Lacking a Spark in Their Opener, U.S. Gets Burned
By William Gildea
Washington Post Columnist
Tuesday, June 16, 1998; Page D1
"I'm sure we'll continue to grow in the next match with Iran," U.S. Coach Steve Sampson said at the end of this bleak evening. The truth is that the Americans are going to need one mighty growth spurt by Sunday, when they play Iran. And they would have to maintain that sudden maturity through June 25, when they play Yugoslavia. A change of diet might help the Americans. If a chef was entering the culinary World Cup, he wouldn't bring all cream of wheat his best recipe would have some spice. But too many Americans looked similarly bland against the honed German machinery.
Germany's quick goal in the eighth minute largely established the game's tone. You'd have to say that Berti Vogts, in his second stint as Germany's World Cup coach, put that scoring play into motion about a month ago. That was when he decided, after some doubt, that his midfield was big enough to hold both Thomas Haessler and Andy Moeller. That proved a wise coaching decision when Germany's shining star, Juergen Klinsmann, leaped while sandwiched by defenders David Regis and Eddie Pope in front of the U.S. goal to head the ball to Moeller, who headed it into the left corner of the net from point blank range. To begin with, Haessler controlled the ball in midfield with his enormous creativity and moved the play to that end to make the goal possible.
U.S. goalkeeper Kasey Keller didn't have a chance. But midfielder Mike Burns did. He had wandered into position at the left post. But as baseball broadcaster Ernie Harwell likes to say when a batter takes a called third strike over the heart of the plate, "He stood there like the house by the side of the road." Burns joined all the spectators in Parc des Princes as the ball zipped past him. In another misadventure, Burns moved forward into attacker Eric Wynalda's turf, bringing along his German defender to create a traffic jam and killing any hope of Wynalda breaking free along the right sideline. Burns was on the bench in the second half.
As it was, Wynalda and his second-half replacement, Roy Wegerle, and midfielder Tom Dooley all had their troubles with the orderly, four-wide German defense, especially the veteran Juergen Kohler. Kohler is the Dennis Rodman of his side, creating havoc on defense and, in Rodman-like ways, grabbing Dooley's backside or bumping Wegerle or simply stopping Wynalda cold. Midfielder Claudio Reyna also was marked closely, unfortunate for the Americans because the offensive scheme seemed to fall largely to Reyna to create something. Reyna was the violinist without accompaniment.
This brings to mind another musical reference, uttered once by the man of many countries, Bora Milutinovic, America's coach in 1994, Costa Rica's and Mexico's before that, and now Nigeria's. "You've got to have the piano movers and the piano players," he said. Against Germany, the U.S. exhibited a good work ethic, everyone ran up and down the field, but there never was a duet to remotely resemble that played by Klinsmann and Moeller.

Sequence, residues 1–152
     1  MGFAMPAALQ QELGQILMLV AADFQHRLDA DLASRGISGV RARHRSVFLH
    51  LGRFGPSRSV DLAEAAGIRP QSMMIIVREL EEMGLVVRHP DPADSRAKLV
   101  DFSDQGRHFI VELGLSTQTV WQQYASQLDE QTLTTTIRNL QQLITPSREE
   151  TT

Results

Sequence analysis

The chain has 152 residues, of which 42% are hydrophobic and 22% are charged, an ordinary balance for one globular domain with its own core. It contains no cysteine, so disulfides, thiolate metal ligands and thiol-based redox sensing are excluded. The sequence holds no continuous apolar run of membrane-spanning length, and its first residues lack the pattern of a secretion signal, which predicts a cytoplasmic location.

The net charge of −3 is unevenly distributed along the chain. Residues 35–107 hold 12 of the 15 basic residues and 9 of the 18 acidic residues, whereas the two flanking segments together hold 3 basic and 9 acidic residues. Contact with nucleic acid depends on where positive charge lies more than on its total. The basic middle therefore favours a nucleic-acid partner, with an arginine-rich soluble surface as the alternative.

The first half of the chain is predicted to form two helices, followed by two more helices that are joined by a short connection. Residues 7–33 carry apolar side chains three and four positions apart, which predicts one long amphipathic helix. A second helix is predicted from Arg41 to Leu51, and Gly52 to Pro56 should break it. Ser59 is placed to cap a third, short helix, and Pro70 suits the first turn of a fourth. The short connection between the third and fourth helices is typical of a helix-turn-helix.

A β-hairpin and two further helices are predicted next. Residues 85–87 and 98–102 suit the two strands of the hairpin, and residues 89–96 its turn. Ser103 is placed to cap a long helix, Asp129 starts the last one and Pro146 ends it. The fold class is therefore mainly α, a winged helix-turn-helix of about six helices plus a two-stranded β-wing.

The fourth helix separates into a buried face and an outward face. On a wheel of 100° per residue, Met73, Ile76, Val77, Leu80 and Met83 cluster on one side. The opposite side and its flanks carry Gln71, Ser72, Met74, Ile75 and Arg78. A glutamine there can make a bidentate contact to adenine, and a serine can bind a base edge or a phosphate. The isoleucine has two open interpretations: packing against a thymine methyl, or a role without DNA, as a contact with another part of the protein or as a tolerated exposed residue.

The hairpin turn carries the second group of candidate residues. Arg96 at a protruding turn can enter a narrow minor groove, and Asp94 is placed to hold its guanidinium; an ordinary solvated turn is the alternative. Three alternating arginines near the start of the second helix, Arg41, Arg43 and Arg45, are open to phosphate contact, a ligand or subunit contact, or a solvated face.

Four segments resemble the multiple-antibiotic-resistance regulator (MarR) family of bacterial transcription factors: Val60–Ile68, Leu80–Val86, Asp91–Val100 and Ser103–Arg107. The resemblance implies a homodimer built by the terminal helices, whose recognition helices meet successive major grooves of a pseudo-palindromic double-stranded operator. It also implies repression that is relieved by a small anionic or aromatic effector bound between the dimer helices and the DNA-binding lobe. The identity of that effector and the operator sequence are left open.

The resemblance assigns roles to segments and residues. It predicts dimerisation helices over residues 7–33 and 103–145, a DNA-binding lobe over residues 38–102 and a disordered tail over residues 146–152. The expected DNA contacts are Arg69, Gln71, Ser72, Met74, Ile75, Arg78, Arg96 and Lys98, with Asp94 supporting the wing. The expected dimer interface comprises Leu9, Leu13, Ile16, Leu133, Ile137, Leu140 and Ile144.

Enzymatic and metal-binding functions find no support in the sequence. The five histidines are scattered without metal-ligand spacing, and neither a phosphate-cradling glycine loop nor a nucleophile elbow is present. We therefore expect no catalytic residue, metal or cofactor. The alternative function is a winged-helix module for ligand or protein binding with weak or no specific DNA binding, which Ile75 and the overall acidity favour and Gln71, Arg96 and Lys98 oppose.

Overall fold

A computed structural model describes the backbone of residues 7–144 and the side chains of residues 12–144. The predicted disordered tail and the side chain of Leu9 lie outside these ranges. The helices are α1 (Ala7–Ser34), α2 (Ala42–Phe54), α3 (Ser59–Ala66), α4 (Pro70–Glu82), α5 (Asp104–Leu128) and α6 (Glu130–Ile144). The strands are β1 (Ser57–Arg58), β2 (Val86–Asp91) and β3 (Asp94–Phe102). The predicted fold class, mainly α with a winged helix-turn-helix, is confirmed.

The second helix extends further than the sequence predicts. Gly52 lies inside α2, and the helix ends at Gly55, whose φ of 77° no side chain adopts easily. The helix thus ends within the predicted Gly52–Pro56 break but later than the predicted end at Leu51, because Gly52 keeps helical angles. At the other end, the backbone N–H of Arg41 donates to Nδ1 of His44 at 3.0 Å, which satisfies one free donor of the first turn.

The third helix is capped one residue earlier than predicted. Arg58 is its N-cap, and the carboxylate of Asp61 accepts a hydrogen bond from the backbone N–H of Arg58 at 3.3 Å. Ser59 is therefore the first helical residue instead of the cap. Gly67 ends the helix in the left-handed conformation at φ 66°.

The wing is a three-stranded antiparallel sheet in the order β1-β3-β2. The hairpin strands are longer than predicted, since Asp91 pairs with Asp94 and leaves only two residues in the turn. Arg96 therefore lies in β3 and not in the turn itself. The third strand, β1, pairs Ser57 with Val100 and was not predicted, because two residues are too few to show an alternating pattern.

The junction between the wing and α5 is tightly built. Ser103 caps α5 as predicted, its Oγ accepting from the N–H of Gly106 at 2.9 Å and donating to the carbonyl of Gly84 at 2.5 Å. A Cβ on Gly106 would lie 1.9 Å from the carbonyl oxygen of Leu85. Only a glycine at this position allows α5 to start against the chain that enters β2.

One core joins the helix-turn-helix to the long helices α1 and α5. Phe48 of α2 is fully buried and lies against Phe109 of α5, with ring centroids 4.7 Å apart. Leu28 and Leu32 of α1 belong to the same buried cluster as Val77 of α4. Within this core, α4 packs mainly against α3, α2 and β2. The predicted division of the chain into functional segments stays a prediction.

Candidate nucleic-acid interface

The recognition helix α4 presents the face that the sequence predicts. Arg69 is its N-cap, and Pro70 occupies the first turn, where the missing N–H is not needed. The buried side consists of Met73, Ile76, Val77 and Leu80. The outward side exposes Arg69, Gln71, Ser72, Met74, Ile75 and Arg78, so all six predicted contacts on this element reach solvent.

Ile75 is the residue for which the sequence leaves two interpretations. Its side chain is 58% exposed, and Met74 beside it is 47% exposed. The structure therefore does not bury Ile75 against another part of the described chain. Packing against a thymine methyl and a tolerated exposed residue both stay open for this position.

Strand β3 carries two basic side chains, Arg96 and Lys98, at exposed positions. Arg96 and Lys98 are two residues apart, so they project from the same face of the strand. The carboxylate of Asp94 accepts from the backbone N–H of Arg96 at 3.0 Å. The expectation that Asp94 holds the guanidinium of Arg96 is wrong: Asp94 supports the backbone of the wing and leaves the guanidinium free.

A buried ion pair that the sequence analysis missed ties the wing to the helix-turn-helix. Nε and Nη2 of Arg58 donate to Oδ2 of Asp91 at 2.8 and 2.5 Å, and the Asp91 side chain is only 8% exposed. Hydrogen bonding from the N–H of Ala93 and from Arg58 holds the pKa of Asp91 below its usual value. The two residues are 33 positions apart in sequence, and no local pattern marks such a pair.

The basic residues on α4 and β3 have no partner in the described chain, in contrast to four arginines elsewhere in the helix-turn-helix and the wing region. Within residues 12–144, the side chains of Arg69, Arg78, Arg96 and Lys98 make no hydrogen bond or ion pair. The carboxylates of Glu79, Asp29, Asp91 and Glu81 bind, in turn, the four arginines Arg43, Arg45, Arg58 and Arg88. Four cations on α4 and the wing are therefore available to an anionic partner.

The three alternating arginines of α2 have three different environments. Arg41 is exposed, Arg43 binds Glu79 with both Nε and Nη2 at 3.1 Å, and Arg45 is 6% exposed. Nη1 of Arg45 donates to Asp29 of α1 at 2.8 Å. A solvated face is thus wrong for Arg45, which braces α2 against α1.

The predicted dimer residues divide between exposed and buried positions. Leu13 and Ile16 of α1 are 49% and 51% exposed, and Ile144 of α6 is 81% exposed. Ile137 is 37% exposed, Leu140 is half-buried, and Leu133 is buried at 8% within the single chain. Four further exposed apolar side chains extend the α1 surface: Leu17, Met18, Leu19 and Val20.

Burns's replacement was Frankie Hejduk, who offers a bit of spice. He promptly got a yellow card, but he stirred the pot. The U.S. spread out and showed a pulse in the second half, and Hejduk almost headed home a ball in one of the rare threatening instances. Klinsmann almost got a goal as he closed to the near post and took a cross, but Regis's defense prevented Klinsmann from getting a toe poke. But it's hard to keep containing the 33-year-old blond bomber, who raised the World Cup in Rome in 1990 and who, like Vogts, wants to atone for Germany's unexpected disaster in 1994, when they bowed in the quarterfinals to Bulgaria at Giants Stadium.
Klinsmann scored in the 64th minute off a crossing pass from his attacking mate, Oliver Bierhoff. Klinsmann settled the ball on his chest with nothing but tenderness. Then, as the experienced Dooley flew past, Klinsmann fired a bullet that Keller had no chance to stop. Keller managed everything else. Internationally, he's America's top player. But it's almost a shame that the best player is the goalkeeper because that's like having a fire extinguisher as your best weapon you don't want to have to use it.
The Americans sprinkled some pepper in the late going, but took no shots of note. Asked what displeased him most about the game, Sampson said: "I was not particularly happy with our accuracy at goal." Of more consequence, perhaps, were the few quality chances and the fact that in most offensive thrusts it usually was a solitary American making the charge. As a result, there was no give and no go.
It would have been better to have lost 2-1 than 2-0 because goal differential could be a factor in determining which two of the four teams advance. Preki Radosavljevic, who might have been able to put a little kick into a meat-and-potatoes meal, never got out of the kitchen.
So here are the totals after one game for each Group F team: Germany and Yugoslavia get three big points for their victories, Iran and the U.S. zero, with Iran's loss not as bad as the U.S. setback. The Americans must grow; they must find a spark and gather some confidence. They have five days to do it.
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